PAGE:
Perhaps the thing that stood out to Nelson more than anything else was the effectiveness of the pitching staff. The numbers, which show Lancaster last in the California League with a 5.03 ERA through play Sunday, don't provide a true indicator of how well the staff has thrown in a very favorable hitter's environment in Lancaster. The team ERA is nearly a run better than it was at the end of last season.
"I was really surprised at how well that club was able to pitch at home in this offensive environment," Nelson said.
Right-hander Ruben Alaniz, signed by the Astros as a non-drafted free agent out of south Texas nearly three years ago, threw seven scoreless innings Friday night to lower his ERA to 2.90 while improving to 2-0. Starter Bobby Doran (2-1, 3.30 ERA) has also pitched well.
The secret to Alaniz's success was pitching down in the zone and getting ground balls. Only four of the 21 outs he recorded were via fly balls, which Nelson said is the key to success in Lancaster.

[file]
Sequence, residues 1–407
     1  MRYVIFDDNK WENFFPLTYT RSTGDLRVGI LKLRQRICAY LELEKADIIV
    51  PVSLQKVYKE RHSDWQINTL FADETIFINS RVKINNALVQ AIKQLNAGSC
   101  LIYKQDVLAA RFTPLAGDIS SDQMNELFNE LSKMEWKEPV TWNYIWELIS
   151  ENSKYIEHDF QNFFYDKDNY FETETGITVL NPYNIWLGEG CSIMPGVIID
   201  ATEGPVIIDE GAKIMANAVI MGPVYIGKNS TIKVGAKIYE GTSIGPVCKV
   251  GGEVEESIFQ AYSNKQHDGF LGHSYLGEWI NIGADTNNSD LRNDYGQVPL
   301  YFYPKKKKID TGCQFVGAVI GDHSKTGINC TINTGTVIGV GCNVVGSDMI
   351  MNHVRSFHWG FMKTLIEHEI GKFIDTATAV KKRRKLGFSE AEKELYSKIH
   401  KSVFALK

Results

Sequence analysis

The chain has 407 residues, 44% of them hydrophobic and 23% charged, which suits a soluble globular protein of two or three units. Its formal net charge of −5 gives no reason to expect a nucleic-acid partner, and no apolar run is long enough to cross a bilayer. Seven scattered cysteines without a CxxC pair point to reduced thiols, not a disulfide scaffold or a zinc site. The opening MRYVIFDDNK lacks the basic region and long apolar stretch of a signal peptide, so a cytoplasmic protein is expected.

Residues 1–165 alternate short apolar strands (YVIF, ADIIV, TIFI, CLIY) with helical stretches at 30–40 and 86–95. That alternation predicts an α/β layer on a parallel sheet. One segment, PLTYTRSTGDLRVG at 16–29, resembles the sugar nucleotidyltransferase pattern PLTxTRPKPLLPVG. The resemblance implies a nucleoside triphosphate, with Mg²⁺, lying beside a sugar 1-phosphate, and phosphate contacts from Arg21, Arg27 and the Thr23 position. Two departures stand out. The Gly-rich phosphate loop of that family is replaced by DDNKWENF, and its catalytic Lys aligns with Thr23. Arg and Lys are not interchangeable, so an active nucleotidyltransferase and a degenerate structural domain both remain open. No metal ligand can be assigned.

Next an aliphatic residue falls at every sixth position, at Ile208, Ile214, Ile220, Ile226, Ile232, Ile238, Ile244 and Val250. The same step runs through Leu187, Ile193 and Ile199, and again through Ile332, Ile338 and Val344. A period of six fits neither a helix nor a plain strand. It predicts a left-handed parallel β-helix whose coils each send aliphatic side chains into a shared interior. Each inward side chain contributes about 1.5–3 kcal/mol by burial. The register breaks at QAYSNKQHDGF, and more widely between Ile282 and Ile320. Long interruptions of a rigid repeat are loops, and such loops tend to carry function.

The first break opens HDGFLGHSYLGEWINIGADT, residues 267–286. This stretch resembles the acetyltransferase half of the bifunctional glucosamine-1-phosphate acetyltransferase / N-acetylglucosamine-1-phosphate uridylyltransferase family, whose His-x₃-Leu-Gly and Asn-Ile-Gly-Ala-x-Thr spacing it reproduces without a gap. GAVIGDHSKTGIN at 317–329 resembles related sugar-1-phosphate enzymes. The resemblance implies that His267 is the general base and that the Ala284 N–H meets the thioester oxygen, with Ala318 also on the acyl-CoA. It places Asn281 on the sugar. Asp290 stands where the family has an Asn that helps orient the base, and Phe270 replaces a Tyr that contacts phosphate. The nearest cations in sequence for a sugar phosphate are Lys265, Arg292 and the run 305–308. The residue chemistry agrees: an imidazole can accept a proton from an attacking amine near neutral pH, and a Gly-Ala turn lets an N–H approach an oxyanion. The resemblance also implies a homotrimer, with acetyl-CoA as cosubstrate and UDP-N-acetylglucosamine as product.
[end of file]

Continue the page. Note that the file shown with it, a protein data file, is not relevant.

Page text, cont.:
"They're getting more ground balls than I've seen before out here, which obviously in that environment is a positive thing," Nelson said. "They've been more aggressive pitching in, and we talked about that this spring. The group of guys that goes out to Lancaster can't leave the ball out over the plate to right-handers so they can lift the ball into the jet stream."
Lancaster center fielder George Springer, the Astros' No. 1 Draft pick last year, was hitting .278 with two homers and 18 RBIs in 97 at-bats through the weekend. Nelson walked away impressed with him and shortstop Jiovanni Mier, third baseman Jonathan Meyer, first baseman Telvin Nash, catcher Rene Garcia and left fielder Enrique Hernandez.
"You've got a nucleus of a pretty good Minor League team and with that a nice little group of prospects as well," he said.
Nash has cooled off somewhat following his torrid start and was 7-for-39 in a 10-game span ending Sunday. Three of those hits were home runs, giving him nine for the season.